By Branden Hamby
Thermoflash, known widely in Europe as “flash détente” or flash release, is a process of thermovinification created during the 1990’s in the south of France. This process was created to reduce the time of red grape fermentation and improve wine quality.
Most European winemakers used it to treat under ripe grapes or to remove the mold characteristic during a tough harvest. It works by heating the must of crushed grapes to a set temperature (usually around 185°F/85°C) then sending the hot grapes to a high vacuum chamber where temperature drops quickly and causes the water in the skins’ cells to evaporate almost instantly, causing the water in the berries to turn to steam. The rapid expansion of steam causes the cell walls of the vacuoles in the skins to explode granting immediate color and tannin extraction while also releasing aromatic compounds. The evaporated water is then put through a condenser and remains as a separate byproduct or gets added back to the must later for fermentation.
Della Toffola is a well known brand in the wine industry having been in business since the 1960s designing and manufacturing quality equipment for wineries and winemakers. Della Toffola U.S.A. opened their doors in 2009 and with it came Their Biothermo Cooler Vinification System. The technology has been around Europe for a decade or two but the process is finally taking hold in the U.S.
“Most wineries in the US use it to help remove vegetal characteristics or help with color and tannin extraction,” says Rick Jones, Owner of Richard S. Jones Wine Consulting, “but other uses have been found to mitigate the lack of berry hangtime or wet and humid conditions.”
Rick is a consultant for Della Toffola but also a well known winemaker and innovator in the industry. He will be moderating an educational session on Flash Détente technology and how it impacts winemaking for Eastern winemakers at the U.S. Wine and Beverage Expo (USBevX). “This process gives winemakers another tool to craft style. It gives the wine more stability and allows you to create wine off the existing footprint of the grape instead of using additives to make up for lack of tannin or color.”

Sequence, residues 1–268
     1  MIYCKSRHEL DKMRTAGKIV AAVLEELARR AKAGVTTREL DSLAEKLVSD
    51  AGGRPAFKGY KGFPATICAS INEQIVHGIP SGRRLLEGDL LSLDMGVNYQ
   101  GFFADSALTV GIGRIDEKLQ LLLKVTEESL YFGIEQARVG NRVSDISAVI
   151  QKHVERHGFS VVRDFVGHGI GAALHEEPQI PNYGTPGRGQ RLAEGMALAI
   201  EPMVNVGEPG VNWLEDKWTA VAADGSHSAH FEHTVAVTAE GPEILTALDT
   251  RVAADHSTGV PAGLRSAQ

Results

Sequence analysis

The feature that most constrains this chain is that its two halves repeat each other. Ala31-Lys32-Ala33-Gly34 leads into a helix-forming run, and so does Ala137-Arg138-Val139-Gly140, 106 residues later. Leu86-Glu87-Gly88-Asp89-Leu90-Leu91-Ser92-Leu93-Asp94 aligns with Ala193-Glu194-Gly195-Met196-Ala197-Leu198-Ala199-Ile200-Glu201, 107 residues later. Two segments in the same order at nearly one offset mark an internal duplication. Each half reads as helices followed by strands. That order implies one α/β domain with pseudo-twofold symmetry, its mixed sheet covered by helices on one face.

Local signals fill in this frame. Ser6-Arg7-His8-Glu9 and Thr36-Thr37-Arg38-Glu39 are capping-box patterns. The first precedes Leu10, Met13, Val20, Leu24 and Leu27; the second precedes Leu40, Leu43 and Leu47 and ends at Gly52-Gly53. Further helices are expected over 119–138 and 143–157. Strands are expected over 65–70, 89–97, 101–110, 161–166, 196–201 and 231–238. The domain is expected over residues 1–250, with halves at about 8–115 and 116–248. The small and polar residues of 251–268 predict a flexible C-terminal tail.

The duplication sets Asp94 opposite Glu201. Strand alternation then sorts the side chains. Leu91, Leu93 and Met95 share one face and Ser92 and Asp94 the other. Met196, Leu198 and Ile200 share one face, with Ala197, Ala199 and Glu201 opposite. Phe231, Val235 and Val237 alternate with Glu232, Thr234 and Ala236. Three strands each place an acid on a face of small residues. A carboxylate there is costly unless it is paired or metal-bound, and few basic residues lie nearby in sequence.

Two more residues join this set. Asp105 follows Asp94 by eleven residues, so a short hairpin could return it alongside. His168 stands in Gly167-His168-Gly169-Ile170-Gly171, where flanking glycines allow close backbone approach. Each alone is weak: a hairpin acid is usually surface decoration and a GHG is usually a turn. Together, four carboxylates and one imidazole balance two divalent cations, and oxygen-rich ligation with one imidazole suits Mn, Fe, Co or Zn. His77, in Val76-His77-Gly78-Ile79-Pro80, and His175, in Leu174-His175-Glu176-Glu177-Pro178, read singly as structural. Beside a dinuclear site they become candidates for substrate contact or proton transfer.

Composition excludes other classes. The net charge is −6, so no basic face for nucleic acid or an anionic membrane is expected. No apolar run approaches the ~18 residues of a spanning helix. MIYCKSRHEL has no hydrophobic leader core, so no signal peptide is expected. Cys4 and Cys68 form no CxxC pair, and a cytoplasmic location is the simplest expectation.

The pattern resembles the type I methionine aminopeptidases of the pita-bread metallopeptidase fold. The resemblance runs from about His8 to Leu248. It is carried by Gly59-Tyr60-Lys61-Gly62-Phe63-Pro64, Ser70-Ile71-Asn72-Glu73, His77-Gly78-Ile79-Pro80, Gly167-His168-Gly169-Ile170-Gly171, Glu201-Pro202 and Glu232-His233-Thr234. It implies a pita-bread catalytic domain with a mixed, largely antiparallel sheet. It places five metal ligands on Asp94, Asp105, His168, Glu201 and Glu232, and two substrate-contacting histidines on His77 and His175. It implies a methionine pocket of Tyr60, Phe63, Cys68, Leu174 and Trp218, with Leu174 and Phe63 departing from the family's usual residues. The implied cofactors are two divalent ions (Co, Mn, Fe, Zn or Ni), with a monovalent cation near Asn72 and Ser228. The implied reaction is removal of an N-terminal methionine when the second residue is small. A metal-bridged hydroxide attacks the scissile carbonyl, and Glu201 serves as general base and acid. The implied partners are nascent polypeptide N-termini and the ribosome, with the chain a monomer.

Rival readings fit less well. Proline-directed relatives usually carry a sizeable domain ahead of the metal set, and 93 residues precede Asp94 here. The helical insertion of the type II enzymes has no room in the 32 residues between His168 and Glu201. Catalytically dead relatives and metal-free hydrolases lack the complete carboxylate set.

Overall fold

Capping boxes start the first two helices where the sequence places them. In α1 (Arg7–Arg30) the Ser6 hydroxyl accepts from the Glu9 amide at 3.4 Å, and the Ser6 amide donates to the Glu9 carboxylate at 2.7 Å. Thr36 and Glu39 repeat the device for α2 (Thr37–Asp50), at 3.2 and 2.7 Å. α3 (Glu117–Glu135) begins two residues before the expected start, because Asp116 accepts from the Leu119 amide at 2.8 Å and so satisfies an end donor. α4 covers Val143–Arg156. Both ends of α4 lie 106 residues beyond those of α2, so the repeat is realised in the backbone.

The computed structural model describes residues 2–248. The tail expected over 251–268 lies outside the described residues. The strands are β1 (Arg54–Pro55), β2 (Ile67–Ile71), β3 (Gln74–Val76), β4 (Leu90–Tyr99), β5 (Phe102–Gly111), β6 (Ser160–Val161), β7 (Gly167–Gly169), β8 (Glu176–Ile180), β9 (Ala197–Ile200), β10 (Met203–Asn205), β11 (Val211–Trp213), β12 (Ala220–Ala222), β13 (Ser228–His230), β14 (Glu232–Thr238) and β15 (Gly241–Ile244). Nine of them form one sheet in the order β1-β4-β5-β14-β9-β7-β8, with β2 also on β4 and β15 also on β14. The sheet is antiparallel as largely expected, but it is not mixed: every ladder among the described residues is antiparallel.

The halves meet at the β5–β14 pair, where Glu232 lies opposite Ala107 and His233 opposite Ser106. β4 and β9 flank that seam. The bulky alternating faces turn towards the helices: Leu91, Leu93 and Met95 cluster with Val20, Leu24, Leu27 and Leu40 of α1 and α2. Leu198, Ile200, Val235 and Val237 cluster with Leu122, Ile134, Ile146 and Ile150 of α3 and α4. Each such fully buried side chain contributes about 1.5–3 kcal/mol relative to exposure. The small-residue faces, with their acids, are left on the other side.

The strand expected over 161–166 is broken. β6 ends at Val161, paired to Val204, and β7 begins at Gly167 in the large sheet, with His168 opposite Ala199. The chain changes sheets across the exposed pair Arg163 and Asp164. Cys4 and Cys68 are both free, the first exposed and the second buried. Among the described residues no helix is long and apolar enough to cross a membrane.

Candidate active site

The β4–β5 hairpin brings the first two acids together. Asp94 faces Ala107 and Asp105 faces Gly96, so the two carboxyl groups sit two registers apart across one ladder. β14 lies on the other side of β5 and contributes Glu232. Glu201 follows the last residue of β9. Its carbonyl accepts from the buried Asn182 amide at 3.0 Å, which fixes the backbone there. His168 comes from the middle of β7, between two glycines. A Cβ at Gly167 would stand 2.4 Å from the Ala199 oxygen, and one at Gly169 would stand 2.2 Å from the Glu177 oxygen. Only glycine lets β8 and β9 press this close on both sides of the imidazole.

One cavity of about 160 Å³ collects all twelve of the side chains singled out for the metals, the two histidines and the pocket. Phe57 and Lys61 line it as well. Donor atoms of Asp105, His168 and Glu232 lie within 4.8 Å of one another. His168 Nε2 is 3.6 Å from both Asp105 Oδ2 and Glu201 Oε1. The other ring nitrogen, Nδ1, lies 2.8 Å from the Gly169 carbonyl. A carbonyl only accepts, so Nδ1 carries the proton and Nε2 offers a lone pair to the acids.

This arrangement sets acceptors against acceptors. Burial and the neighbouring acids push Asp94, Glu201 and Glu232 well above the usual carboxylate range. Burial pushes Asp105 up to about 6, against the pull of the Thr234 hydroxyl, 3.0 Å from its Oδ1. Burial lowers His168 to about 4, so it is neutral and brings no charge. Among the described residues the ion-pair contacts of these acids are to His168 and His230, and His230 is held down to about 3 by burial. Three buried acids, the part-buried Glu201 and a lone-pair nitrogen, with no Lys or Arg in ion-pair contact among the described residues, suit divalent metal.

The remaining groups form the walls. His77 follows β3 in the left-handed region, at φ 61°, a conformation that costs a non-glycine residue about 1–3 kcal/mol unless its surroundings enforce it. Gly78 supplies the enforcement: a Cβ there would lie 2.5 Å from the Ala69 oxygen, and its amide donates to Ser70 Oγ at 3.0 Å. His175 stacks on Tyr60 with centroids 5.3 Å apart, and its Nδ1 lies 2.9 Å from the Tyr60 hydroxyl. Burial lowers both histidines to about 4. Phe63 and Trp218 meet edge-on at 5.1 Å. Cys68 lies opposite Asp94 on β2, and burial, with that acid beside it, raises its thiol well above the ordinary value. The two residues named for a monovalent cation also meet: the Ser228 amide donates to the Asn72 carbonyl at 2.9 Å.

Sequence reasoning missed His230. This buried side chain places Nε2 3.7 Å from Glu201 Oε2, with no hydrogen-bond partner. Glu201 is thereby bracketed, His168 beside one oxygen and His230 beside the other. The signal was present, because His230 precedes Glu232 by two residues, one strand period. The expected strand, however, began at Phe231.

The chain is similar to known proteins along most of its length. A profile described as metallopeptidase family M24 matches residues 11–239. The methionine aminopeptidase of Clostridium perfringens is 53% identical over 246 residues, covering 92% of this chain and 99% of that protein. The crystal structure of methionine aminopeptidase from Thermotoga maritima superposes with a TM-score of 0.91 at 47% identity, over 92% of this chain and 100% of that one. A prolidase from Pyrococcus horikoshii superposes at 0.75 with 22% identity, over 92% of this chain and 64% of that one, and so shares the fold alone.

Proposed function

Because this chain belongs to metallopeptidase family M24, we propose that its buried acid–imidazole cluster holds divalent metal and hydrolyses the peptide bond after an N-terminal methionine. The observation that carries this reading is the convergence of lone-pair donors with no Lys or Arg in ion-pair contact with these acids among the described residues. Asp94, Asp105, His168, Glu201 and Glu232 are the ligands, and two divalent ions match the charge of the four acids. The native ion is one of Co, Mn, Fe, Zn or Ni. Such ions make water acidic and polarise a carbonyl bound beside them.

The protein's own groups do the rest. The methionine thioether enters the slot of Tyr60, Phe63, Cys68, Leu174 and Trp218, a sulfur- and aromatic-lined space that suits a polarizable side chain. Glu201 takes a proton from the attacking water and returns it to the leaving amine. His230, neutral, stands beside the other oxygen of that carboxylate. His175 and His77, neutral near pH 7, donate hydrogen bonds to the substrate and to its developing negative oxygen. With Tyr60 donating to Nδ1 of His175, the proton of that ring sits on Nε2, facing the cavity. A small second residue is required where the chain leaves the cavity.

The benefits of this technology include increased color and tannin extraction as well as the denaturing or breakdown of laccase and mold. This is great for Eastern United States winemaking regions that deal with cool and humid conditions that may not let the fruit fully develop or the humidity causes too much mold and rot. It also lifts fruit expression and increases the stability of the must while lessening the expression of vegetal notes. Some operators and winemakers are testing the system to see if it can make wine based concentrates as well.
“I think this technology has only seen the beginning of influencing winemaking styles,” remarks Rick. “The true test is getting these winemakers to use it and figuring out what it can really do for their wine quality and finished product.”
Find out more about the U.S. Wine and Beverage Expo, Feb. 21-22 in Washington, D.C